This is a lesson that many journalists learn early in their careers. When you’re quoting someone, follow it with SAID. Don’t say the person OBSERVED, NOTED, COMMENTED, CONTINUED, REMARKED or anything else you can find in your thesaurus.
Keep this in mind when writing success stories, case studies or news releases.
Why do beginning journalists want to use a word other than plain ol’ SAID? My guess is that it’s because they’ve been taught to avoid repeating a word in adjacent sentences if there’s a good substitute.
For instance, a story about changes in a car model might say, “The engineers LEFT ALONE last year’s suspension. The engine remains UNTOUCHED as well.” LEFT ALONE and UNTOUCHED mean the same thing, but it would be a little less elegant to repeat LEFT ALONE in the second sentence.
So young reporters might feel compelled to use a word other than SAID following a quote. An editor at a quality publication will immediately disavow them of that idea.
Why is SAID the best option?
In a news story (and the business communications equivalents), the focus should be on its subject, not the person writing the story. SAID acts as a neutral word – a signal that the reporter is merely relaying what came out of the mouth of the person being quoted.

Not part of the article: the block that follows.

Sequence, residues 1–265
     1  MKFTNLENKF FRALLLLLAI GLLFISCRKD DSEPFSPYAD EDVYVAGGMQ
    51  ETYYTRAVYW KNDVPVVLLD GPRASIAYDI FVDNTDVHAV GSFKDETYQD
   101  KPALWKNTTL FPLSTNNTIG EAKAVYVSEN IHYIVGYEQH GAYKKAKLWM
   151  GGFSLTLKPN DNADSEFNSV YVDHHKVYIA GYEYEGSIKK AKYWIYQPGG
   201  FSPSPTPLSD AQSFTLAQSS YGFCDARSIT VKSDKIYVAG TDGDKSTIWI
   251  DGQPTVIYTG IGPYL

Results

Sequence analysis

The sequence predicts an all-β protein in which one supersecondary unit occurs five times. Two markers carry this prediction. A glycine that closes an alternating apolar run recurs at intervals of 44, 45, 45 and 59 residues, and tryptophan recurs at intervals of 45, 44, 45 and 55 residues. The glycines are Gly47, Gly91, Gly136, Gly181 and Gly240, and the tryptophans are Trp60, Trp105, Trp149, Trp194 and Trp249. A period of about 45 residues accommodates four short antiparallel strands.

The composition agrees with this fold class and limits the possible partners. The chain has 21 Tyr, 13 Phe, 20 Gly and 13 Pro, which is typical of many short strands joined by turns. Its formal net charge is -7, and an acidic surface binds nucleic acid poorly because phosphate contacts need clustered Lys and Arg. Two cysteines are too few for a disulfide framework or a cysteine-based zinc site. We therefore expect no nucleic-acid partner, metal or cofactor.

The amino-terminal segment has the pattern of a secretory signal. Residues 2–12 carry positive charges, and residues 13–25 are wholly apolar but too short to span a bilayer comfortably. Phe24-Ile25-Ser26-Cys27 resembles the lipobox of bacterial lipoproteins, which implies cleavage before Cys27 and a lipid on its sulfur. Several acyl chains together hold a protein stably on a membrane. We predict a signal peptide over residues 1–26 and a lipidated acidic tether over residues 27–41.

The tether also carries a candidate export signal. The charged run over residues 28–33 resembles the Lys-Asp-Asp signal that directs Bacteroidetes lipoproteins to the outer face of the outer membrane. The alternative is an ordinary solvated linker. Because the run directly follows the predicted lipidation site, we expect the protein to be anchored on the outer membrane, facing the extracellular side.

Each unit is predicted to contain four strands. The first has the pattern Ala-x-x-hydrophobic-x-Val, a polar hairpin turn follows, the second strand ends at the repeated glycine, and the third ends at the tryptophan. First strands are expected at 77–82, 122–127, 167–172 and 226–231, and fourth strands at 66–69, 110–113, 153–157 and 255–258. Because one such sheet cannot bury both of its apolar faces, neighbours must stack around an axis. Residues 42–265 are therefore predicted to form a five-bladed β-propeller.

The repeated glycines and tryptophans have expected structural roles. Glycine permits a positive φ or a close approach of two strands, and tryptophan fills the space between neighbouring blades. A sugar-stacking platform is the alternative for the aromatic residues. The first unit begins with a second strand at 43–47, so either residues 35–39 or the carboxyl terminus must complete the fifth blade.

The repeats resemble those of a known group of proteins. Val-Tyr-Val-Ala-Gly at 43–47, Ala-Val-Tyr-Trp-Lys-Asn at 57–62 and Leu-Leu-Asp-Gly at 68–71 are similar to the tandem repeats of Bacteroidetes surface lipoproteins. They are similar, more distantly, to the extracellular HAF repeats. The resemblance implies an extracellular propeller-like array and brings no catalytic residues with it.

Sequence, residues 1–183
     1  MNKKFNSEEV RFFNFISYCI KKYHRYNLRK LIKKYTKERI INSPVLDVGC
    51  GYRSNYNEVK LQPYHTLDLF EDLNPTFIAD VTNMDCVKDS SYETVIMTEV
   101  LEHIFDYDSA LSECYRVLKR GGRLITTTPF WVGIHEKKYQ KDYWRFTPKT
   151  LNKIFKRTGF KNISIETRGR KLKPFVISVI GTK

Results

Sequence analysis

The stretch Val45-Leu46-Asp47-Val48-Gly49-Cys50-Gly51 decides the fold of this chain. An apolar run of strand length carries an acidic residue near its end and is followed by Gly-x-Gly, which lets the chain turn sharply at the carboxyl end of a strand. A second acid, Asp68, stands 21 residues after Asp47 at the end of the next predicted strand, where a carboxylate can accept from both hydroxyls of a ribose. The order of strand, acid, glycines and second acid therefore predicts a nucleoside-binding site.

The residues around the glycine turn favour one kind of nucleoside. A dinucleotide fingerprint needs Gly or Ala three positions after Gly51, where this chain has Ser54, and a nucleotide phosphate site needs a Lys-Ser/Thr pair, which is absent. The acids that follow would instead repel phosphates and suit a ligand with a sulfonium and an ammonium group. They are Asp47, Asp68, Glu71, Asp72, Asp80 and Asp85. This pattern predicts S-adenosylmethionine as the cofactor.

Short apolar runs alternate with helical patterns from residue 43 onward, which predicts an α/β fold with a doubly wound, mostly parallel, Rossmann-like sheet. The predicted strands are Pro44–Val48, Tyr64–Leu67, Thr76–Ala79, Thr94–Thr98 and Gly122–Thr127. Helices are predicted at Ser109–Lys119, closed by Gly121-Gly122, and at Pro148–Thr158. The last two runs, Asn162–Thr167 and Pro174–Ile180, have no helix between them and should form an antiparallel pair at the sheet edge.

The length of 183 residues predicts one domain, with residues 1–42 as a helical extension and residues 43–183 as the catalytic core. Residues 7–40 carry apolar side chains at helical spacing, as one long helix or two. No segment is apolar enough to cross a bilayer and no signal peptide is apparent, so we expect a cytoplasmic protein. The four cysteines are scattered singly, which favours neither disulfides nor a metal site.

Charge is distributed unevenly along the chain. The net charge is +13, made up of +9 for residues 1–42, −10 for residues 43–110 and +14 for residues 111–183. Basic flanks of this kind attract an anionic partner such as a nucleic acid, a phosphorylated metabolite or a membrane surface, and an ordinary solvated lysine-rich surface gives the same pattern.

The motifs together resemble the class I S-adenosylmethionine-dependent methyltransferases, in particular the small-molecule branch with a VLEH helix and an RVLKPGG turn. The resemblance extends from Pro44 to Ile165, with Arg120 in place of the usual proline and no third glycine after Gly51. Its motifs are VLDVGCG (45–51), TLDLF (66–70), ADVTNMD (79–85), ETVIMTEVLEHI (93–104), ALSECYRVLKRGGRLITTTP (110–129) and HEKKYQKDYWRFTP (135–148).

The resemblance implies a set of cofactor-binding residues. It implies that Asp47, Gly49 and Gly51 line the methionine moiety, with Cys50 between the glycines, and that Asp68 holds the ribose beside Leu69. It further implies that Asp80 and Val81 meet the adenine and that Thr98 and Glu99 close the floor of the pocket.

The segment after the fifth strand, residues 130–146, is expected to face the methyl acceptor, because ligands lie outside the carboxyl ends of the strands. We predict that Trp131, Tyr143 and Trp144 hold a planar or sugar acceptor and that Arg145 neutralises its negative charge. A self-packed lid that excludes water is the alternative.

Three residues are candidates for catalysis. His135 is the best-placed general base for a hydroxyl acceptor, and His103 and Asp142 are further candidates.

If you follow a quotation with OBSERVED or NOTED, it vaguely sounds like you’re endorsing the person’s point of view.
Example: “Candidate B has shifted his position on that issue,” Candidate A OBSERVED.
It’s safer just to go with SAID.
Besides, it just sounds cheesy
After hundreds of years of newspapers following the SAID rule, readers have become accustomed to looking for that word following a quotation. Anything else just seems like you’re trying a little too hard – kind of like a novice actor emoting excessively.
Wrong: “This is a breakthrough in IT technology,” REMARKED the team’s lead engineer, Snerd Snigley.
Right: “This is a breakthrough in IT technology,” SAID the team’s lead engineer, Snerd Snigley.
What if you want to distance yourself from the statement?
Sometimes a speaker will make a statement that ventures into controversial territory. Reporters occasionally will rely on phrases to signal to readers that there’s room for disagreement: ACCORDING TO, ALLEGED, CONTENDED, CONTESTED, DISAVOWED, DISPUTED, etc. While striving for neutrality regarding the quote itself, they might qualify the quote’s veracity with one of these warning-flag words.
Example: The rapper CONTENDS the earth is flat and the public has been duped into thinking it’s round. “I’m going up against the greatest liars in history,” he SAID.
Admittedly, you’re probably not going to worry about controversial statements in most business communications. But in the rare instance in which it’s necessary, look for one of these “We’re not endorsing this position” words.
SAID or SAYS?
If you’re clearly describing something that happened in the past, use SAID. If time is not important, SAYS is often a better choice. It sounds like the quotation is fresh. But don’t mix the two. Pick either the present tense or past tense and stick with it throughout.
Anything left to add?
How about ADDED? Occasionally you’ll see a quality publication use it when the reporter is quoting someone at length. But when quoting someone for a couple of short sentences, stick with SAID. Use ADDED or CONTINUED sparingly.